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NASA‘s Cassini spacecraft has made its final flyby of Saturn’s massive moon Titan, collecting data on the hydrocarbon lakes and haze-enshrouded surface of the alien world.

On April 22, the spacecraft made its closest approach to Titan at a speed of about 13,000 miles per hour, marking the beginning of its ‘Grand Finale.’

This encounter will cause Titan’s gravity to bend Cassini’s orbit, pulling it slightly in so that it can begin its final set of 22 dives between Saturn and its rings, before plunging into the planet on Sept 15.

The spacecraft made its 127th and final close approach to Titan on April 21 at 11:08 p.m. PDT (2:08 a.m. EDT on April 22), passing at an altitude of about 608 miles (979 kilometers) above the moon’s surface.

Cassini transmitted its images and other data to Earth following the encounter.

Scientists with Cassini’s radar investigation will be looking this week at their final set of new radar images of the hydrocarbon seas and lakes that spread across Titan’s north polar region.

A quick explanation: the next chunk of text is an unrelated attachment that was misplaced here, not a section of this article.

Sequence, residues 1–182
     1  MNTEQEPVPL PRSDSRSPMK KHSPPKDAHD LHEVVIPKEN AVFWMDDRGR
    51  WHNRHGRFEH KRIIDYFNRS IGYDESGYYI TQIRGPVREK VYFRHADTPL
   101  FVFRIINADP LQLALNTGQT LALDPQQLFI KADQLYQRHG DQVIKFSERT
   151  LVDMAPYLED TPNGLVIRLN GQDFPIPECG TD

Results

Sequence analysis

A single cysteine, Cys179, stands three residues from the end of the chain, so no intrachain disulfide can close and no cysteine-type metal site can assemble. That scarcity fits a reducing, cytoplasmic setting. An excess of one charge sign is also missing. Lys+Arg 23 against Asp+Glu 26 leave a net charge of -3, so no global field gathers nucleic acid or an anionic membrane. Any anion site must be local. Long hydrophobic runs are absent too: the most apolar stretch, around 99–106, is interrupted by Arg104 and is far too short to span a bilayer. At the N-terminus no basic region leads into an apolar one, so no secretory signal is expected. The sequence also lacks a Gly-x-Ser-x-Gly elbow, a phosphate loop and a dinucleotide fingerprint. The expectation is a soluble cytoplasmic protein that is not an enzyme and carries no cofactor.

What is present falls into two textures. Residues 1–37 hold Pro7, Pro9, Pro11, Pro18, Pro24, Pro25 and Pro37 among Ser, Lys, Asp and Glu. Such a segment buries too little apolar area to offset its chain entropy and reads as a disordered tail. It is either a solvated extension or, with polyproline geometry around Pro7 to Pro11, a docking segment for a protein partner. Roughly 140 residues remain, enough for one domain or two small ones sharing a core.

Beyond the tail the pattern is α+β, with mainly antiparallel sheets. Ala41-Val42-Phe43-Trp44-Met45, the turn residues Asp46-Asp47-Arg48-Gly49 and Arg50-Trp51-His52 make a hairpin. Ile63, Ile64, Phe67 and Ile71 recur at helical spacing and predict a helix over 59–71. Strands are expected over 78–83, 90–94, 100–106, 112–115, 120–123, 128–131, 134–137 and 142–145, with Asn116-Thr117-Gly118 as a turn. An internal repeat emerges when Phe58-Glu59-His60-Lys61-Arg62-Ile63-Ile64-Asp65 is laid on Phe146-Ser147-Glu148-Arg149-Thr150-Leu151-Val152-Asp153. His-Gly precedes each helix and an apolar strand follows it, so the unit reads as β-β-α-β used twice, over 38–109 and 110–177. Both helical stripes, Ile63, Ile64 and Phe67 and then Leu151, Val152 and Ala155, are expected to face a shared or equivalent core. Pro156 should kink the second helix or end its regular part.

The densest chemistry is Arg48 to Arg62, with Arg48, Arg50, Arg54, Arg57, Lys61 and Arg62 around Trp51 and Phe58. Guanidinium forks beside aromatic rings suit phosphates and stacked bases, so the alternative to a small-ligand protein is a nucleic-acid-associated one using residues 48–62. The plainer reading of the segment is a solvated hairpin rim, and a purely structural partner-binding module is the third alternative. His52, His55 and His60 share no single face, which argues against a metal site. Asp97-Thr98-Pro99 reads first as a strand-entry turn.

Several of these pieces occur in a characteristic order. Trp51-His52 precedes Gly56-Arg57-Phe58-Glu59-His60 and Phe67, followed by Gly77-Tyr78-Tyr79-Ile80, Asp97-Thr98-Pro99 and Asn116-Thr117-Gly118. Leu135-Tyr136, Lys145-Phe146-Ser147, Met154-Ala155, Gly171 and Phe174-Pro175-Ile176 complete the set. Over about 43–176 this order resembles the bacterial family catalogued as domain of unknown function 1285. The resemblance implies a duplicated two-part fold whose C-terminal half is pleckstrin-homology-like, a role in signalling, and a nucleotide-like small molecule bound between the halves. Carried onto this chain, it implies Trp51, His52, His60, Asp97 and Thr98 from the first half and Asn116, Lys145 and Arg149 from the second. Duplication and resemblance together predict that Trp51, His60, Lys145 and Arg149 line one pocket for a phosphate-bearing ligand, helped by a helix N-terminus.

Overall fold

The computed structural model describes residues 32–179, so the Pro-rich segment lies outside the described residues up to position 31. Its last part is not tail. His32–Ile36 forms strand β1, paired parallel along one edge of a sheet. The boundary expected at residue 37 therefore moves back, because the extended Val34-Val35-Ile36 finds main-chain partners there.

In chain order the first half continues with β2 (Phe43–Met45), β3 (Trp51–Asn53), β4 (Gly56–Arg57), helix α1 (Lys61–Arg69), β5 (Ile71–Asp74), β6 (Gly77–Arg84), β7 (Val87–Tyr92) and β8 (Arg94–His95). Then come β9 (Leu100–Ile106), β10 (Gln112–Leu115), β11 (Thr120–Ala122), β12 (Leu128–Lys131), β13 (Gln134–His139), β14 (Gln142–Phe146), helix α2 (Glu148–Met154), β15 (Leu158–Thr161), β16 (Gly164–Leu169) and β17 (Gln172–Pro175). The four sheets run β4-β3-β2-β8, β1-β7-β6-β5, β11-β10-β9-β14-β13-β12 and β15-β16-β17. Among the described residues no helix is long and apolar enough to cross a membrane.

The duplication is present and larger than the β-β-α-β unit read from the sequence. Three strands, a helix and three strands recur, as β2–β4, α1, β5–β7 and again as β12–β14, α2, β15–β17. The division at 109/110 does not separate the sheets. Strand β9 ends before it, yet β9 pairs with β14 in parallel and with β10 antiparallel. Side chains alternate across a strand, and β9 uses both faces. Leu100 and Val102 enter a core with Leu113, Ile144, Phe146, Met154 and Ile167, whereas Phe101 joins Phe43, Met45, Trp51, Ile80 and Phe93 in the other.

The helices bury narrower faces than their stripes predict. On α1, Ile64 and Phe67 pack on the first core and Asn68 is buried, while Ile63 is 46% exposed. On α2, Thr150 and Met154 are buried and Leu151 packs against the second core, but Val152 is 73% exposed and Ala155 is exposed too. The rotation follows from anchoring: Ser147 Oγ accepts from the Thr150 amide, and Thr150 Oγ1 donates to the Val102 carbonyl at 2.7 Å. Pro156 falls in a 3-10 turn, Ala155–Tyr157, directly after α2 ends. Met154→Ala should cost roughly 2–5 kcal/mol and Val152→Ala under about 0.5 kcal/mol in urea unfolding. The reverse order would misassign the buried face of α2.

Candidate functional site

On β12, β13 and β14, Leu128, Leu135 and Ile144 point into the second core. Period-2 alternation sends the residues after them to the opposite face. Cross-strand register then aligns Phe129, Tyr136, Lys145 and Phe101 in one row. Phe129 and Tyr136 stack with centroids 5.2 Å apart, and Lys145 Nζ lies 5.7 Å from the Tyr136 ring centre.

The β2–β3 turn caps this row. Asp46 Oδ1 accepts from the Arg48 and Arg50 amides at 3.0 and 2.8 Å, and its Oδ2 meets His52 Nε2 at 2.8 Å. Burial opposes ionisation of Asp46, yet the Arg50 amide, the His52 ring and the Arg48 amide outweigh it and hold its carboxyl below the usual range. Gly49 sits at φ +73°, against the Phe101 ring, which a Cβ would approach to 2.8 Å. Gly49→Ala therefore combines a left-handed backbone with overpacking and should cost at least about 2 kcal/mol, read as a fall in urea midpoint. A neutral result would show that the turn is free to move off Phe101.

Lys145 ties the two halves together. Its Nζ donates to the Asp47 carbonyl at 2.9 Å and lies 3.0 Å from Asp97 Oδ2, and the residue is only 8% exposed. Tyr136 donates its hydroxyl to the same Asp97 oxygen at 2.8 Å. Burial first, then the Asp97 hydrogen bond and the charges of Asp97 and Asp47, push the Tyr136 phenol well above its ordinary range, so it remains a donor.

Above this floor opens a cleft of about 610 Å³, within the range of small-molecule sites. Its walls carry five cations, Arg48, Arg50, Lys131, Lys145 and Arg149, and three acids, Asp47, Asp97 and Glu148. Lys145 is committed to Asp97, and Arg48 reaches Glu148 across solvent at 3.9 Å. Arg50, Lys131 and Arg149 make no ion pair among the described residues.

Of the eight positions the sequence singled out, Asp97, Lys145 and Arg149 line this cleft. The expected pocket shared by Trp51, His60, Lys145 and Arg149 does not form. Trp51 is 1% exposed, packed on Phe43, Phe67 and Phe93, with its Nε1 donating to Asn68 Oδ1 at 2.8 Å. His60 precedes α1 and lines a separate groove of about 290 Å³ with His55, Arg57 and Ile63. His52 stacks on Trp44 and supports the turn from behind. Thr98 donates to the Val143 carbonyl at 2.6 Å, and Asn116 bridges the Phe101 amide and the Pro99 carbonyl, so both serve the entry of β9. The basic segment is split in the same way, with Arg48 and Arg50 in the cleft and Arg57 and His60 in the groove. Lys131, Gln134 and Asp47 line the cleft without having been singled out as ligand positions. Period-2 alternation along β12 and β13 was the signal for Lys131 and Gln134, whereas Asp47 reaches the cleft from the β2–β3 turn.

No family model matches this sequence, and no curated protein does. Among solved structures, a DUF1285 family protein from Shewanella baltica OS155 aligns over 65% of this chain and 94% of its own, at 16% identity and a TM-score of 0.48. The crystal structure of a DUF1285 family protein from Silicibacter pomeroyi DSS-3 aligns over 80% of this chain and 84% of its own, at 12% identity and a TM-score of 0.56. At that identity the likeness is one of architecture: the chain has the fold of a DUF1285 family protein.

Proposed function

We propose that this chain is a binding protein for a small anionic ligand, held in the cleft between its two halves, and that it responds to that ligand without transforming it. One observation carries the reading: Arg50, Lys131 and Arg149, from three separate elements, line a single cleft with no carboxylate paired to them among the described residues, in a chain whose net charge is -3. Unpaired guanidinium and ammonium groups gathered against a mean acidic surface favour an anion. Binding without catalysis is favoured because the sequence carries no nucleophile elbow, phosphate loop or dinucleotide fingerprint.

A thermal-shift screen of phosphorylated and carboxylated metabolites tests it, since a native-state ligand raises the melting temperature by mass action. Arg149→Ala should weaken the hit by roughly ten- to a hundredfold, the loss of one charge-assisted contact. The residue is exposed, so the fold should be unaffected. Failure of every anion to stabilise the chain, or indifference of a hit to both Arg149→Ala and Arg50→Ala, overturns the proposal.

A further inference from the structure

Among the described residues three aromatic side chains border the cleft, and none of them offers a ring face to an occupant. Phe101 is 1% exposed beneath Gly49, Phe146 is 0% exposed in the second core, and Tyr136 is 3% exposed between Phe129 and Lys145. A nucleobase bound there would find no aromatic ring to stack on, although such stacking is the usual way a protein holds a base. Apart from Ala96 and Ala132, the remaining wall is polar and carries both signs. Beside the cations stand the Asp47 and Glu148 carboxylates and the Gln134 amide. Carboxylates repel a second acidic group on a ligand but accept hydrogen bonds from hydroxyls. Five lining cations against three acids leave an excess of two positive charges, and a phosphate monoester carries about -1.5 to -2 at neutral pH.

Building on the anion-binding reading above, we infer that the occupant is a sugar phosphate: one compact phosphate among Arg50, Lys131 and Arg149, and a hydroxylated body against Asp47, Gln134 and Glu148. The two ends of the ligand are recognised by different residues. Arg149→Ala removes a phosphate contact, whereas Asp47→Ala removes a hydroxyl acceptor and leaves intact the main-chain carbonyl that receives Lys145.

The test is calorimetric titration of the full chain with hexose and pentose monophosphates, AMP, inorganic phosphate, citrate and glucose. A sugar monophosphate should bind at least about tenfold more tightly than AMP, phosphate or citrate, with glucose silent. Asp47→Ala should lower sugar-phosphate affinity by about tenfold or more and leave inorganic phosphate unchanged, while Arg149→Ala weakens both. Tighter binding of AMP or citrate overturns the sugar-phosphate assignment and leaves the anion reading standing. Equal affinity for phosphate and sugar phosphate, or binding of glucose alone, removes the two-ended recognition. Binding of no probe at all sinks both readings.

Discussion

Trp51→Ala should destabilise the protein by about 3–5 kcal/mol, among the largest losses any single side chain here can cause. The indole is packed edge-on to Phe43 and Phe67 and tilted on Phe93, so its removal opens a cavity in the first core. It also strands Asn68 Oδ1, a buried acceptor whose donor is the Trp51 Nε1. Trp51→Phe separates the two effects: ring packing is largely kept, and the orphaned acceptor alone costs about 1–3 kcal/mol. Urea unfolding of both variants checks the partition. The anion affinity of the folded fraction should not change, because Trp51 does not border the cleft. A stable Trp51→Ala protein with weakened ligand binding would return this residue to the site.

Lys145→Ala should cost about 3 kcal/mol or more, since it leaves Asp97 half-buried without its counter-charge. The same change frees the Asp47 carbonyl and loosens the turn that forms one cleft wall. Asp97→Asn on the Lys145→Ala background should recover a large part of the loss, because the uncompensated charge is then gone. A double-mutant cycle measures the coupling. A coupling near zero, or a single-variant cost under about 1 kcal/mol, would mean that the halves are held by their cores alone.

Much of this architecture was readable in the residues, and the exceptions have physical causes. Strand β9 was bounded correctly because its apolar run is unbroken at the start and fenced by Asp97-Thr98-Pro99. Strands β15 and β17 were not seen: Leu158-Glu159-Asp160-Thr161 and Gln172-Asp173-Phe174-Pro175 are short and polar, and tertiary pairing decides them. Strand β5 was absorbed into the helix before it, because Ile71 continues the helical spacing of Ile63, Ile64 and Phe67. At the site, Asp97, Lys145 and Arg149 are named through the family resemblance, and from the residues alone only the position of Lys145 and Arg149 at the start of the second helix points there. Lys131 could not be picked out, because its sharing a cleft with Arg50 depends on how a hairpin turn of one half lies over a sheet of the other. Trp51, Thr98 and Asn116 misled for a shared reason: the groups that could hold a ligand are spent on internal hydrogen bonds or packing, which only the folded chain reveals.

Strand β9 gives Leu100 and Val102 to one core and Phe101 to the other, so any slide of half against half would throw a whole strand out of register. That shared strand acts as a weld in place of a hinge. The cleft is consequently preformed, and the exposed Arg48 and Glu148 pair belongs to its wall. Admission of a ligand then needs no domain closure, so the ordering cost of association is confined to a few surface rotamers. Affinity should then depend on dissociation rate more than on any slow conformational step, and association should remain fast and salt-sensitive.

The planned imaging coverage includes a region previously seen by Cassini’s imaging cameras, but not by radar.

The radar team also plans to use the new data to probe the depths and compositions of some of Titan’s small lakes for the first (and last) time, and look for further evidence of the evolving feature researchers have dubbed the ‘magic island’.

‘Cassini’s up-close exploration of Titan is now behind us, but the rich volume of data the spacecraft has collected will fuel scientific study for decades to come,’ said Linda Spilker, the mission’s project scientist at NASA’s Jet Propulsion Laboratory in Pasadena, California.

It marks the beginning of the ‘thrilling final chapter’ of Cassini’s life, twenty years after it left Earth.

The craft has circled Saturn for 13 years since reaching its orbit in 2004, spearheading remarkable discoveries about the ringed planet and its icy moons – but now, it’s running low on fuel.

“With this flyby we’re committed to the Grand Finale,” said Earl Maize, Cassini project manager at JPL.

“The spacecraft is now on a ballistic path, so that even if we were to forgo future small course adjustments using thrusters, we would still enter Saturn’s atmosphere on Sept. 15 no matter what.”

 

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